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Winner: Encounters at the Heart of the World by Elizabeth A. Fenn
Empire of Cotton by Sven Beckert
An Empire on the Edge by Nick Bunker
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Winner: The Pope and Mussolini by David I. Kertzer
Louis Armstrong: Master of Modernism by Thomas Brothers
Stalin: Volume I by Stephen Kotkin
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Winner: Digest by Gregory Pardlo
Reel to Reel by Alan Shapiro
Compass Rose by Arthur Sze
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No Good Men Among the Living by Anand Gopal
Age of Ambition by Evan Osnos
What do you think of the Pulitzer Prize Board's choices?
As a copy editor at The New Yorker, a bastion of grammar perfection, Mary Norris knows a thing or two about the oddities of the English language. In her memoir, Between You & Me, Norris mixes grammar tales with personal stories, and the result is fascinating. Our reviewer writes, "While Norris may have a job as a “comma queen,” readers of Between You & Me will find that “prose goddess” is perhaps a more apt description of this delightful writer." (Read the full review.)
We asked Norris to tell us about three books she's enjoyed reading lately.
When I had finished my book about grammar and usage and copy editing at The New Yorker, and was free to read about other things, I poked around on my shelves for books that I had been saving as a reward for good behavior. Here are three that I especially enjoyed.
Frank Delaney, an Irishman transplanted to Connecticut, uses his boyhood fascination with ships and the sea to extol Kurt Carlsen, the real-life captain of the Flying Enterprise. Soon after leaving Germany, in December of 1951, the ship gets hit by a rogue wave and cracks, then gets hit by a second rogue wave and lists precariously. Carlsen does everything in his power to bring passengers and cargo to safety. I read this while commuting to work on a ferry and soaked up all things nautical: the etymology of the word knot, the strategy of the ship’s owners, and sailors’ superstitions about renaming a ship (don’t do it!) and leaving port on a Friday.
One might think that after revisiting The Elements of Style while writing a book about writing, I would want to take a break from E. B. White, but this book made me fall in love with him all over. Elwyn (En) White had an old-fashioned patrician upbringing in Mount Vernon, New York, and spent summers at a lake in Maine. (His parents gave him his own canoe.) His early interest in nature informed Stuart Little and Charlotte’s Web. In addition to all the influences and arachnid research that went into Charlotte’s Web, Sims includes gossip about White’s editors and publishers and about children’s librarians.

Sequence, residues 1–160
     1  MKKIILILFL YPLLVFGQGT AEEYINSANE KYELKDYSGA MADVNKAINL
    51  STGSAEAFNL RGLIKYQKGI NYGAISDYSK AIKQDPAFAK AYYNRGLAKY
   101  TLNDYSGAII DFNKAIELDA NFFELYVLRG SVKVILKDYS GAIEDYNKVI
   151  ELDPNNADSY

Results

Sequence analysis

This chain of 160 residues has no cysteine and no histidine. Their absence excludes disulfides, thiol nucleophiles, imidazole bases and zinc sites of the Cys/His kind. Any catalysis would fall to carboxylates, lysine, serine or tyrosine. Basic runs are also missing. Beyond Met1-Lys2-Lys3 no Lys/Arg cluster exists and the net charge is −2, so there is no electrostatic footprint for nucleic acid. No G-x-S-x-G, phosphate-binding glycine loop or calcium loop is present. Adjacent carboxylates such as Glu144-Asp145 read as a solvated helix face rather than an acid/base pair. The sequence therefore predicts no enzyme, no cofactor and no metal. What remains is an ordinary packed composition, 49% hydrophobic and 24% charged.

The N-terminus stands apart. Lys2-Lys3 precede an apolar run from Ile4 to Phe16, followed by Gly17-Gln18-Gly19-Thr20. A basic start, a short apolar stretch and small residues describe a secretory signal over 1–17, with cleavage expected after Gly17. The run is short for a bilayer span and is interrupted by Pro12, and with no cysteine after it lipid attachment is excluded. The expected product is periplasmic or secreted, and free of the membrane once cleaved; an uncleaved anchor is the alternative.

One of the things I have always loved about journalist John McPhee’s writing is the way he keeps himself out of it. This study of his work and life made me feel like a stalker. McPhee is from Princeton, New Jersey (where he still lives). His upbringing and education and the summer camp he spent time at all inform his work. He once wrote a novel! Pearson organizes his critical remarks around McPhee’s own topics, from Bill Bradley to physics and geology, and analyzes the techniques through which he raised journalism to an art. I was heartened to see that after Oranges and The Pine Barrens I still have plenty of McPhee to read, and beguiled by the realization that some of my favorite writers—White, McPhee, Thoreau—started out in canoes. Did paddling canoes make them better writers? If I tried it, would I capsize?
Thank you, Mary! See anything you'd like to pick up, readers?
Best-selling author Jennifer Weiner will return this summer with a new novel. Who Do You Love will be published by Atria on August 11.
Weiner's 2014 release, All Fall Down, was a darker book that focused on a suburban mother's struggle with addiction. Who Do You Love is a romance that sounds reminiscent of Weiner's earlier works: When 8 year olds Rachel and Andy meet one night in the ER, they can't imagine how important they will eventually become to each other. Per the catalog description,
Over the course of three decades, through high school and college, marriages and divorces, from the pinnacles of victory and the heartbreak of defeat, Andy and Rachel will find each other again and again, until they are finally given a chance to decide whether love can surmount difference and distance and if they’ve been running toward each other all along.
Sounds intriguing! Will you read it?